India's Prime Minister Narendra Modi addresses the 76th session of the United Nations General Assembly at UN headquarters on September 25, 2021 in New York. Photograph:( AFP )
Addressing the UN General Assembly, Indian PM Narendra Modi also said that in order to strengthen the rules-based world order, the international community must speak in unison, in an apparent reference to China which is flexing its military muscles in the Indo-Pacific
Indian Prime Minister Narendra Modi addressed the 76th session of the United Nations General Assembly on Saturday (September 25) and touched upon many important points including the Coronavirus pandemic, climate change, health, technology and terrorism.
Talking about terrorism, PM Modi targeted Pakistan without mentioning its name as he said that countries with "regressive thinking" that are using terrorism as a "political tool" need to understand that terrorism is an equally big threat for them.
He mentioned the current delicate situation of Afghanistan, saying that the world has to ensure that Afghanistan isn't used to "spread terrorism or launch terror attacks".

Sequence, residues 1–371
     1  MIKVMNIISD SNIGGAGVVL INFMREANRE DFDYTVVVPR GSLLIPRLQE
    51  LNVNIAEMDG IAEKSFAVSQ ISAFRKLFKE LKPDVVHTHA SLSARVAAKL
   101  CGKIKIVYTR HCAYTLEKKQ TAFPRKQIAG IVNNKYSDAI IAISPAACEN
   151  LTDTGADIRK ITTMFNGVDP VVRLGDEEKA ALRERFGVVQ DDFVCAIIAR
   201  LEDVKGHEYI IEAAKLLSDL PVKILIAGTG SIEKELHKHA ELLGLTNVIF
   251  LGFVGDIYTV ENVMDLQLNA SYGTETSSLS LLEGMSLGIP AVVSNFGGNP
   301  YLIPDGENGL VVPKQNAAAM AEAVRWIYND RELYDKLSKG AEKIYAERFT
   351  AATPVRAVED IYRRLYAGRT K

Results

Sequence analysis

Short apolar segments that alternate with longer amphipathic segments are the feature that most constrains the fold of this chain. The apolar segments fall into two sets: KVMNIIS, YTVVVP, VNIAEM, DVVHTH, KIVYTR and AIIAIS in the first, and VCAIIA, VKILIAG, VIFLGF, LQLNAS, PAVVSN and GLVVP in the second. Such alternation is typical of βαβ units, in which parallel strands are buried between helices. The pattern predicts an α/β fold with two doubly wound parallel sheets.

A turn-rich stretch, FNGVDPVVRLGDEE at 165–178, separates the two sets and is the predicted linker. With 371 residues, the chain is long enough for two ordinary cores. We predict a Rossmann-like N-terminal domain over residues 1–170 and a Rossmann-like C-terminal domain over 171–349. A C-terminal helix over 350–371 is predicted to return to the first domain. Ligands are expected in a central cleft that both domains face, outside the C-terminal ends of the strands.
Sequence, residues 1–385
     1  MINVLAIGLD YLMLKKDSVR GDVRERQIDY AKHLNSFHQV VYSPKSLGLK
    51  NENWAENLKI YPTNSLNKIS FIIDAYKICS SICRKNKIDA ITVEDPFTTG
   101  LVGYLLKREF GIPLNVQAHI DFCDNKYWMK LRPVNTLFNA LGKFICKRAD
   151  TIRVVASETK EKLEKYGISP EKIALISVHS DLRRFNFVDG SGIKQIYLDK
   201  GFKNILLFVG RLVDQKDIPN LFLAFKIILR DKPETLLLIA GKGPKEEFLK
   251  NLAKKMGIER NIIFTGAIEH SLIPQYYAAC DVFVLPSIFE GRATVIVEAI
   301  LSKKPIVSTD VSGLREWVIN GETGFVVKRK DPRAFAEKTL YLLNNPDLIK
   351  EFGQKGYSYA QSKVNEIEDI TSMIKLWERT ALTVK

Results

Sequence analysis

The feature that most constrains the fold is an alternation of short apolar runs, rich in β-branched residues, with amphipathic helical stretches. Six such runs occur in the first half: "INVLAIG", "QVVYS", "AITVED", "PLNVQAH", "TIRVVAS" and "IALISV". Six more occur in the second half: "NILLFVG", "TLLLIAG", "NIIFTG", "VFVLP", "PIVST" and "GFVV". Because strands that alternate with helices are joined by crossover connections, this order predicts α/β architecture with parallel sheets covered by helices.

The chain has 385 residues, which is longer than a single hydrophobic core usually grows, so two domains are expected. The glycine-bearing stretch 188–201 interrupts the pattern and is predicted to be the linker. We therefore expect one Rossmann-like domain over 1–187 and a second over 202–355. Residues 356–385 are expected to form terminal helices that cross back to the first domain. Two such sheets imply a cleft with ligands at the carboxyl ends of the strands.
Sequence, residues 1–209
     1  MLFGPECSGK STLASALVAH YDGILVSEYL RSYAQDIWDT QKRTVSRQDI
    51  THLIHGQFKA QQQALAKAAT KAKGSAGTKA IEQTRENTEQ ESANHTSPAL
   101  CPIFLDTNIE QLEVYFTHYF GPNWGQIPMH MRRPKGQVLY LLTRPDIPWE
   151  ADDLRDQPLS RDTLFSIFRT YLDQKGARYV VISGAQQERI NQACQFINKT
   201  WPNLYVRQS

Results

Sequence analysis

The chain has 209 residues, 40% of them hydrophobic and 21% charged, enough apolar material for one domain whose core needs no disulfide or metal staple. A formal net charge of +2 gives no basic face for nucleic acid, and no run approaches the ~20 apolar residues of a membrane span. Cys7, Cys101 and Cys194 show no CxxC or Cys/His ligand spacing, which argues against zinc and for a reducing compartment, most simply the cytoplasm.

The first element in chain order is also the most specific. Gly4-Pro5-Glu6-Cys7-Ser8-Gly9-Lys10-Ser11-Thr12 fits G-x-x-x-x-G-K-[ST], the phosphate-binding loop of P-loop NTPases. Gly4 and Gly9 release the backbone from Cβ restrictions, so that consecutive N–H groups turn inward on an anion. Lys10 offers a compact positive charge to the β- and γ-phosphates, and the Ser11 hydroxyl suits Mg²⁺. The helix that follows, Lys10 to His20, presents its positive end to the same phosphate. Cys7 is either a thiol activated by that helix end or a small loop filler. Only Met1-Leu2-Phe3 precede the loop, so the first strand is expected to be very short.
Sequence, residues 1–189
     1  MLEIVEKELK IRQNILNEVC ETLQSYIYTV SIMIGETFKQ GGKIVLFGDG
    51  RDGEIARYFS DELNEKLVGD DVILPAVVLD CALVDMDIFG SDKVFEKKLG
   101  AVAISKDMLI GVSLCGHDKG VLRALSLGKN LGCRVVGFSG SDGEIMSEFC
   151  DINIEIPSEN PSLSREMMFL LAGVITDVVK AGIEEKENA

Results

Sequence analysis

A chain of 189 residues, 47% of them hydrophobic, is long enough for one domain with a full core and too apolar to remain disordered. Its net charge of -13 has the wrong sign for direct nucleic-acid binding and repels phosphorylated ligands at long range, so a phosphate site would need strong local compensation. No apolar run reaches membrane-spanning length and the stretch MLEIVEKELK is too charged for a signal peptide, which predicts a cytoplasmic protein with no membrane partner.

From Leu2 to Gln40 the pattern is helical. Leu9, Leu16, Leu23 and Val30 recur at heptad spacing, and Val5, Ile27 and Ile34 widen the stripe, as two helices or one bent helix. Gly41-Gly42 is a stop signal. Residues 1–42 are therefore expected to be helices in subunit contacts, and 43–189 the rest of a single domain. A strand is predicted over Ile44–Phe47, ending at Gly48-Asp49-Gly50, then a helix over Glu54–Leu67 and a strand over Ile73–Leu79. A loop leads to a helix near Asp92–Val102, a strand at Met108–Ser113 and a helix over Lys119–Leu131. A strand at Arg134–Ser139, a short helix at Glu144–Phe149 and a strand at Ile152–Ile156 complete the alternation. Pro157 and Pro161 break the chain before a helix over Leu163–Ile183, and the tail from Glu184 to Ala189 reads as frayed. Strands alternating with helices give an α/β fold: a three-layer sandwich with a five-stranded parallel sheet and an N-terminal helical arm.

PM Modi said, "At this time, the people of Afghanistan, women and children, the minorities there, need help, and we must fulfil our responsibility."
In August, the Taliban seized Afghanistan amid a chaotic withdrawal of US troops from the country, leaving it in dire straits with uncertainties over women and children's safety under the brutal Taliban regime. Pakistan has long been accused of providing support for the Taliban, something it denies.
Modi also said that in order to strengthen the rules-based world order, the international community must speak in unison, in an apparent reference to China which is flexing its military muscles in the Indo-Pacific.
Watch his address here:
Modi hailed the strength of India's diverse and vibrant democracy as in his opening remarks he said that child of a poor tea-seller rose to the country's highest political office and addressed the UN for the fourth time, calling it the strength of Indian democracy.
Further in his speech, Modi said, "I represent a country which is known as the 'Mother of Democracy'. India is a great example of a vibrant democracy. Our democracy is recognised for its diversity. Democracy has been India's great tradition for thousands of years."